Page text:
Q: What is a ‘bullnosed’ hoof?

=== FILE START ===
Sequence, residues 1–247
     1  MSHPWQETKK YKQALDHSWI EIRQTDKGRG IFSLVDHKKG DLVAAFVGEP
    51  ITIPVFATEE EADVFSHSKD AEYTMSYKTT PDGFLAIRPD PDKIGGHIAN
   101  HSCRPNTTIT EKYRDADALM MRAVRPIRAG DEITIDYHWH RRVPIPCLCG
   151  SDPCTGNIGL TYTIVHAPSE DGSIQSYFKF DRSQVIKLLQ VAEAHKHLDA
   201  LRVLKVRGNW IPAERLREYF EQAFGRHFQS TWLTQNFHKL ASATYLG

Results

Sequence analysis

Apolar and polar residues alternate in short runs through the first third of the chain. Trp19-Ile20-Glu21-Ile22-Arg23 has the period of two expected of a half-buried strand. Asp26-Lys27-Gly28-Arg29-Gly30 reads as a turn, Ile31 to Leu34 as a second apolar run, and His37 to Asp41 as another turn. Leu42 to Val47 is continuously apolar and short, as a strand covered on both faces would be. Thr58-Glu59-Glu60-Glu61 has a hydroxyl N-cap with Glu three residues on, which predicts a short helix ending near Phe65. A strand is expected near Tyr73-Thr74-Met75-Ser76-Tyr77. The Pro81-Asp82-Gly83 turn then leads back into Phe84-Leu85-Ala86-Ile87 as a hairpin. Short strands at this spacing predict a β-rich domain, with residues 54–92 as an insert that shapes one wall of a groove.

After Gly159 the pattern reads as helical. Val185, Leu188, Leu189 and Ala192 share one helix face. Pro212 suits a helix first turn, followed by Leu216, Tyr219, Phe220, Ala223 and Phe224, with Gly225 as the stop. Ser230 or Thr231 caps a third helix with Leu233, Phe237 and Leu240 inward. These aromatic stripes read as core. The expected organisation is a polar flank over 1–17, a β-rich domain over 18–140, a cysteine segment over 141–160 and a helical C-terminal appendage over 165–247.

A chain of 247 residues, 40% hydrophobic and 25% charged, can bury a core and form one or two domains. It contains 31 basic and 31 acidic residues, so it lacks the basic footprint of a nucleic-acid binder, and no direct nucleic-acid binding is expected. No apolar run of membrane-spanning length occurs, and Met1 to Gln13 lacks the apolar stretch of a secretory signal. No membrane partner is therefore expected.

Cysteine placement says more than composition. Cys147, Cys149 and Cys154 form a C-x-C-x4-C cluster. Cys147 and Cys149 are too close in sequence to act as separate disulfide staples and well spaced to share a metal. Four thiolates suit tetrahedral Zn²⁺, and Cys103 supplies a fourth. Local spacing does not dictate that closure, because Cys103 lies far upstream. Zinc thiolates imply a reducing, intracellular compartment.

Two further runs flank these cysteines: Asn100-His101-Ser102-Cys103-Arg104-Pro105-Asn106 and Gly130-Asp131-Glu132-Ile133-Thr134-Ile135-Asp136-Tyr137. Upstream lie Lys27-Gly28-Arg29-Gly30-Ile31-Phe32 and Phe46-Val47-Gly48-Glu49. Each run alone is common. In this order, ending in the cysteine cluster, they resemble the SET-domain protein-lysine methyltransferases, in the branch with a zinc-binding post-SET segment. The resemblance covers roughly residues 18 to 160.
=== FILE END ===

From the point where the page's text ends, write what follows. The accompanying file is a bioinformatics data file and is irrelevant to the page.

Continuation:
A: A true bullnosed hoof occurs when the dorsal wall of the hoof takes on a convex shape, typically due to the coffin bone having a negative palmar/plantar angle inside the hoof. A negative palmar/plantar angle means that the coffin bone is tilting upwards at the front and downwards at the back, which is the exact opposite of what it should be doing. This situation can cause remodelling of the dorsal wall due to the front of the coffin bone pressing up against the inside of the wall. What you end up with is a wall that bulges outwards in the middle. Bullnosed walls on the front feet are generally associated with heels that are too low, underrun or collapsed, as it is the problems in the back of the foot that tend to cause the negative angle to occur. However, bullnosing is generally though to be more common in the hind feet, where it can be the result of leaving the toes too long. It can also be a symptom of poor conformation or can be associated with lower back/hock/stifle problems.